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Originally Posted by Kevin Randolph
But when I pasted the blank area that I had copied... I got he whole article. Weird...
Thanks again Vito...
That's pretty bizarre, but I'm glad it worked out!
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Old December 1st, 2006, 05:52 AM   #14
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The best sound recordists that I've worked with avoid lavalier mic where ever possible. For sit down interviews they usually mount a cardioid mic (usually not a shotgun mic) over the interviewees on a mic stand, positioning the mic as tightly as possible.

This method also works extremely well if you're working on your own - you can use a magic arm on a spare light stand to mount the onboard camera mic.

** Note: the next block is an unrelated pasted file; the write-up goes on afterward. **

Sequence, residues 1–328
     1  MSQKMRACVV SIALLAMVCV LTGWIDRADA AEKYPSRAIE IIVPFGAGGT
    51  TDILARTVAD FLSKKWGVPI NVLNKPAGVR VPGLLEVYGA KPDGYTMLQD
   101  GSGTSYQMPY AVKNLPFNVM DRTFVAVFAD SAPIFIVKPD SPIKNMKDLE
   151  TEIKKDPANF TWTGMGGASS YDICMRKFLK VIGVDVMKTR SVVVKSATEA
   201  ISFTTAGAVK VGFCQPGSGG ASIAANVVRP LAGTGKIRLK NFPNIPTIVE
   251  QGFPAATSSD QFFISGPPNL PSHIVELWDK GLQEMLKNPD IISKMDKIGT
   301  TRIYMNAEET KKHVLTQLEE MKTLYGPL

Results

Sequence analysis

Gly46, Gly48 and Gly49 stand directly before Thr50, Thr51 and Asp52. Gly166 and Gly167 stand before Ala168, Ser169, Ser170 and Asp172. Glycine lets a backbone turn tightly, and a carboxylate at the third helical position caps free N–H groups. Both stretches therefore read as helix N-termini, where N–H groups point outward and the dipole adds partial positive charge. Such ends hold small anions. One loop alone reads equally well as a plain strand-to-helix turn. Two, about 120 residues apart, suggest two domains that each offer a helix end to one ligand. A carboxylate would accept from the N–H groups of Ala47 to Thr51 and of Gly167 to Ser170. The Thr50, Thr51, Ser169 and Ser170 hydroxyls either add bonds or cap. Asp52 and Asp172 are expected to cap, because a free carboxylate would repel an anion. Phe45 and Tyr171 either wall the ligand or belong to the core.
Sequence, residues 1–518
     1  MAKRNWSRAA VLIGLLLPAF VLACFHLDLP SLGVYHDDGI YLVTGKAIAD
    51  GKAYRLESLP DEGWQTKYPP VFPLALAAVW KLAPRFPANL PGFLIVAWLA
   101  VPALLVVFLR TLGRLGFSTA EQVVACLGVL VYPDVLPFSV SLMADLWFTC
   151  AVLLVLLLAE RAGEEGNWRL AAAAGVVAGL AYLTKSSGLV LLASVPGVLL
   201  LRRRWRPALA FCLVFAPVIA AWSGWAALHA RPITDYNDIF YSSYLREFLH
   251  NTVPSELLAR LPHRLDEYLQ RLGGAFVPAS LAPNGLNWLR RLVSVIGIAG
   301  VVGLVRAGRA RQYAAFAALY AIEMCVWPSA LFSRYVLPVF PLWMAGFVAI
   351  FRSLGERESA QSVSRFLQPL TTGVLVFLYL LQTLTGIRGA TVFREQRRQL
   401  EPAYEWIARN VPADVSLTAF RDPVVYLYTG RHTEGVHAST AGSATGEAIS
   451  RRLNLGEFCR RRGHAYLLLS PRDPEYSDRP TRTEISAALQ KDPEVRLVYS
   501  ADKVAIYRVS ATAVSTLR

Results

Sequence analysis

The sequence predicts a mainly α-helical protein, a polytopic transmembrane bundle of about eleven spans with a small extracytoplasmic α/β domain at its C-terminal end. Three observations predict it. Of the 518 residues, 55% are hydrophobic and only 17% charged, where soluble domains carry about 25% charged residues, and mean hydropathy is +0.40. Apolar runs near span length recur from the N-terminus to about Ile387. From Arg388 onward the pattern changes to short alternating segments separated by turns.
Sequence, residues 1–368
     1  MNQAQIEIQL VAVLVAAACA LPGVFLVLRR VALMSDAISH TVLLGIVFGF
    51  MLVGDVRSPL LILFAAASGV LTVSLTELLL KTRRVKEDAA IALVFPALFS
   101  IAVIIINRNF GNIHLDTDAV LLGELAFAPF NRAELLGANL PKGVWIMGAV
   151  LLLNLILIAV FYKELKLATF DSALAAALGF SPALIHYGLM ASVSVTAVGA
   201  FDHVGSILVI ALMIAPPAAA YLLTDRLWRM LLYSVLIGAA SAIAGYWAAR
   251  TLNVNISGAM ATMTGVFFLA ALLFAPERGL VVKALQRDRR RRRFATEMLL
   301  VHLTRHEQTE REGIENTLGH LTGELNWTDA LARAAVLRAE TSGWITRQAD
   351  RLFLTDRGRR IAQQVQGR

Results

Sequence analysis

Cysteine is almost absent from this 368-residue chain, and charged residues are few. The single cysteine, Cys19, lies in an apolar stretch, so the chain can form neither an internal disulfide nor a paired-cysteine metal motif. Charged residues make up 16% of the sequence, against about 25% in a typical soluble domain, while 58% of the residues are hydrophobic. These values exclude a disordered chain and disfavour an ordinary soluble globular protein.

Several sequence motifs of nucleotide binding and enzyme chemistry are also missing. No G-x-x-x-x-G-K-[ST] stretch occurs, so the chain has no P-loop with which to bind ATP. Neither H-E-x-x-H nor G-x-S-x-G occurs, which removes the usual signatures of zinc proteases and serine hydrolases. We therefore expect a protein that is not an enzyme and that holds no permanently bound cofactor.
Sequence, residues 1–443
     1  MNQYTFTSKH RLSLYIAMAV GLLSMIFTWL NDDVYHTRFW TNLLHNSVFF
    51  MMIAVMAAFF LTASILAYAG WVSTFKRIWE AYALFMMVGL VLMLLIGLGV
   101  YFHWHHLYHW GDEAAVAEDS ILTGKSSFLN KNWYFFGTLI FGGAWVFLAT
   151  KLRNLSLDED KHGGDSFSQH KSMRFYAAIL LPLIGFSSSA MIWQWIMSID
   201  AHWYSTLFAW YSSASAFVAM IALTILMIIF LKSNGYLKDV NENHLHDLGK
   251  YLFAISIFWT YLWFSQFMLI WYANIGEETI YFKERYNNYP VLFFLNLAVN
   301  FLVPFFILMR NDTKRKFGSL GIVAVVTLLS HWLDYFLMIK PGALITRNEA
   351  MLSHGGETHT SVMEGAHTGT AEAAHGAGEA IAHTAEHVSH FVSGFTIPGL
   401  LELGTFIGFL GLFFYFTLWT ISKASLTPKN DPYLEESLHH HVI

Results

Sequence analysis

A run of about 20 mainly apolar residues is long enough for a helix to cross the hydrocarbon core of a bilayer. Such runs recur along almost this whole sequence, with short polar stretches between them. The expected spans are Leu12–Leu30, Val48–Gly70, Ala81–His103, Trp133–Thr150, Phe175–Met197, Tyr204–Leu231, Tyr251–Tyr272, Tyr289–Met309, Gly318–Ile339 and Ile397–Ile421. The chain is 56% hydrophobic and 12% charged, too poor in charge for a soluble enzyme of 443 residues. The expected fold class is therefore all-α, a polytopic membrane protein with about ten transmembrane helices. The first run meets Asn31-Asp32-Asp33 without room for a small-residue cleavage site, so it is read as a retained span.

If using a lavalier, they usually have a windshield to prevent popping. However, they've usually gone through all other methods before using the lavalier.
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Old December 1st, 2006, 12:56 PM   #15
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Quote:
Originally Posted by Brian Drysdale
[...] sit down interviews they usually mount a cardioid mic (usually not a shotgun mic) over the interviewees on a mic stand, positioning the mic as tightly as possible [...]
This is how I usually mic formal interviews, and the bonus is that I also use the stand as something to clip a flex-fill to, since I usally key with a softlight, use a flex-fill as the fill light, and optionally throw in a small Fresnel backlight. Two light stands, two lights, and one mike stand all fits nicely in a small kit bag.

I purchased a couple of DR Pro Tripod Mic Boom Stands from our local Guitar Center store here in Boston. They are easily found online. Not all similar stands are the same, some tend to droop more easly than others, mine have been top performers. Beware of those with round knobs that make it hard to tighten them enough. The only downside using these stands is they don't work well with a very large frame, but I'm usually framed tight enough that these stands make perfect boom operators, and they don't complain about the lack of craft services.